Perhaps the stress on what I often regard as bad humour – I am not an Oxford grad; my eldest son earned his PhD there so I will have to check with him – arises from the fact that Oxford is an old university deeply steeped in traditions going back to the Middle Ages and the manuscripts Tim’s father so carefully preserved. For in those manuscripts, as in Shakespearean plays, the English had inherited the inane idea from the Greek philosophers that governed the understanding of the body for almost two thousand years, in spite of much Egyptian evidence to the contrary, that humour was a cardinal fluid, one of four – phlegm (blood), choler (yellow bile) and black bile (melancholia), being the other three – governing human behaviour and dispositions. The four humours gave an individual his or her personality dependent on the ratios of each fluid in the body.

Based on medieval theory, Tim Hunt lacked sufficient humour fluid in his body.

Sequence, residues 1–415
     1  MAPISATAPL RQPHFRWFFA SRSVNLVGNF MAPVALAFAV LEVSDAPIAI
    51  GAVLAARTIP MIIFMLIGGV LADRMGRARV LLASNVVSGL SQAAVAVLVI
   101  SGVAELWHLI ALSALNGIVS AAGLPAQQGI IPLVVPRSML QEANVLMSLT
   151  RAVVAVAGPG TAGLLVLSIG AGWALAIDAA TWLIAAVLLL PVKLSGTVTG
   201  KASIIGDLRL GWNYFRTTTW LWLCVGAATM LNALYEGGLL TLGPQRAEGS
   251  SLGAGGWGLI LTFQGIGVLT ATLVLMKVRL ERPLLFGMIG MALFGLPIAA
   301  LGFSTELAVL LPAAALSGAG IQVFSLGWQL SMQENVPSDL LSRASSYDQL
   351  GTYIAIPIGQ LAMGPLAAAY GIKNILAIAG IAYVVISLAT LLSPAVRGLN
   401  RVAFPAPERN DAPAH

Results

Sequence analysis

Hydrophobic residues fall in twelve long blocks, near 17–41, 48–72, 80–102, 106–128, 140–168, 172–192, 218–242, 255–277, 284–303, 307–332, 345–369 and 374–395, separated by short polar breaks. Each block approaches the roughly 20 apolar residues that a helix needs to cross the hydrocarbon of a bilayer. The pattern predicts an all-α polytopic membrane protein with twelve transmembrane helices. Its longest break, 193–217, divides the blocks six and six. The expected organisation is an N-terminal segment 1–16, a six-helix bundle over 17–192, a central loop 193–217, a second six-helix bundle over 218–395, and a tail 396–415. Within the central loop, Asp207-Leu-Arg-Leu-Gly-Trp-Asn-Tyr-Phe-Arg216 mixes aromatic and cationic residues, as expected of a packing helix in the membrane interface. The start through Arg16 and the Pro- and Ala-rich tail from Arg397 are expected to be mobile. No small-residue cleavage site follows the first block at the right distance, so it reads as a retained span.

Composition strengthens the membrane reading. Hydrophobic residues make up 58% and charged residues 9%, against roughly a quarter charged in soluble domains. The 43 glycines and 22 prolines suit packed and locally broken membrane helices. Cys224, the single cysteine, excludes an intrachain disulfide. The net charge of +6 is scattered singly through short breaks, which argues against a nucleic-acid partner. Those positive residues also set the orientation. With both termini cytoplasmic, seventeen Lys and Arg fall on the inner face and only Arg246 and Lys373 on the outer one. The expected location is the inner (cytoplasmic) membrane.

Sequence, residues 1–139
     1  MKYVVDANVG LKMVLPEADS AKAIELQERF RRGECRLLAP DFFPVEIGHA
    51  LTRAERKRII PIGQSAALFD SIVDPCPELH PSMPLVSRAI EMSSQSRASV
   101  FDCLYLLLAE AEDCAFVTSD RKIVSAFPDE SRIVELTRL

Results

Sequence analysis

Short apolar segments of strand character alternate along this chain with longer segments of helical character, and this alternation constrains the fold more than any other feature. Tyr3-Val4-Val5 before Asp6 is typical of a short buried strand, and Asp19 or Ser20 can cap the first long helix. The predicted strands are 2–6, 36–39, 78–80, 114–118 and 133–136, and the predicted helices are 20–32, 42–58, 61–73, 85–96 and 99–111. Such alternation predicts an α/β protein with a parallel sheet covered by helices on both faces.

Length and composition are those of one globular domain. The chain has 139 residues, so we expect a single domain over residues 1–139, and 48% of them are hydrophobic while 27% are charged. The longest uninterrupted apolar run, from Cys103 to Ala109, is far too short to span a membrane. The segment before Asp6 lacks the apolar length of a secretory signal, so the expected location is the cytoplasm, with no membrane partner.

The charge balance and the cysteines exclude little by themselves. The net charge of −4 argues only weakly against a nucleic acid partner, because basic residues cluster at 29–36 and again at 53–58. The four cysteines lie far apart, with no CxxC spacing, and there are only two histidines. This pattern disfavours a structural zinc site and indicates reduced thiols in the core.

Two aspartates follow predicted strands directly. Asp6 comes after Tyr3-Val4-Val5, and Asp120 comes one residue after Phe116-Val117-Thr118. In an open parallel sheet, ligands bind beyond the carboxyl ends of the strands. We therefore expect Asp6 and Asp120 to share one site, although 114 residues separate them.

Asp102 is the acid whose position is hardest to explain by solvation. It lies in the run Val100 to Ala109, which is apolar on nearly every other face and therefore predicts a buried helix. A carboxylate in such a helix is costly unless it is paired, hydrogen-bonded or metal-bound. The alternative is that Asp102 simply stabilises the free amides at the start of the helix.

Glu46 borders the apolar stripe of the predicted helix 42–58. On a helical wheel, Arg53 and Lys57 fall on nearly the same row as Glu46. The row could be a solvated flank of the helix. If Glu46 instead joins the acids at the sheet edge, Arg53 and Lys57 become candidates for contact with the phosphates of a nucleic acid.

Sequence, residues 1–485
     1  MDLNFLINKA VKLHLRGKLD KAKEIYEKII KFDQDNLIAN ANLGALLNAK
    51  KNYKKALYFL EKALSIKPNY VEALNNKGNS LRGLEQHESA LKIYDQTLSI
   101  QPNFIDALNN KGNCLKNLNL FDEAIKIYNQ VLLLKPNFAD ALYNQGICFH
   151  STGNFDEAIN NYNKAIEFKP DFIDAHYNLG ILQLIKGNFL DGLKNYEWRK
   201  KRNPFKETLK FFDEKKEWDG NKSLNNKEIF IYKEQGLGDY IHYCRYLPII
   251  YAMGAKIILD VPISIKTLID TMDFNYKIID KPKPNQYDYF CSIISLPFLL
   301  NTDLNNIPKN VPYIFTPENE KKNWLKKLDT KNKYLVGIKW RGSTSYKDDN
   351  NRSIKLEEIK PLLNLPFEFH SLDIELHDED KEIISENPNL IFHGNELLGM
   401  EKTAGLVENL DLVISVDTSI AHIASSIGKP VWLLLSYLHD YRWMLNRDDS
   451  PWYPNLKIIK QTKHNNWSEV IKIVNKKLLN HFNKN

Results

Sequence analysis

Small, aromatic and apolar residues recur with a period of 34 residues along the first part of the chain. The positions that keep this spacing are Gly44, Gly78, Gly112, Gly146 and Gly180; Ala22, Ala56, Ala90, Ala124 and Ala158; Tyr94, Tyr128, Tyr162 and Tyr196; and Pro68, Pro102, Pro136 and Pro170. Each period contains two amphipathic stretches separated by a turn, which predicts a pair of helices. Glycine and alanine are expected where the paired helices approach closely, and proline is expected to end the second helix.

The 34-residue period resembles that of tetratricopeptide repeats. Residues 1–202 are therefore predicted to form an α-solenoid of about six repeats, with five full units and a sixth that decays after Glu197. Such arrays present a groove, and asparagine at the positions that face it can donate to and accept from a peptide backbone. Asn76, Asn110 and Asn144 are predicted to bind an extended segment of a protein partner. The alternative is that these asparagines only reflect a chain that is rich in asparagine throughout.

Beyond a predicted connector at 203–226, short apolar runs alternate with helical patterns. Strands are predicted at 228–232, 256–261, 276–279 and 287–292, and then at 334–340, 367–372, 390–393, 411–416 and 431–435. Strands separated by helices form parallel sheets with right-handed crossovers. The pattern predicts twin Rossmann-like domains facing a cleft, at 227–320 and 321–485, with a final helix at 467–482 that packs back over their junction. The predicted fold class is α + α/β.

Nevertheless, quite aside from his apparent indiscretion and insensitivity to context, anyone who knew just a little about Tim Hunt had to know that he was not in favour of banning women from molecular biology labs in particular and science in general. He did not advocate sexual separation, even as he put his foot further in his mouth in BBC interviews afterwards when trying to explain his views. He lacked a high profile public relations agency to explain to him that once the ire of the mob has been aroused, do not try to explain. Do not try to equivocate. Just say you are sorry in the most sincere manner possible and do so as soon as possible after committing what is interpreted as a grave social offense. Then withdraw from the battle, otherwise one is bound to leave one’s own guts strewn all over the field of public battle, especially one as averse to fights and conflicts and competition as Tim was and is. Earlier this morning, the hosts of the lunch, the Korea Federation of Women’s Science and Technology Associations (KOFWST), had the good graces simply to ask for Tim Hunt’s apology and immediately accepted it.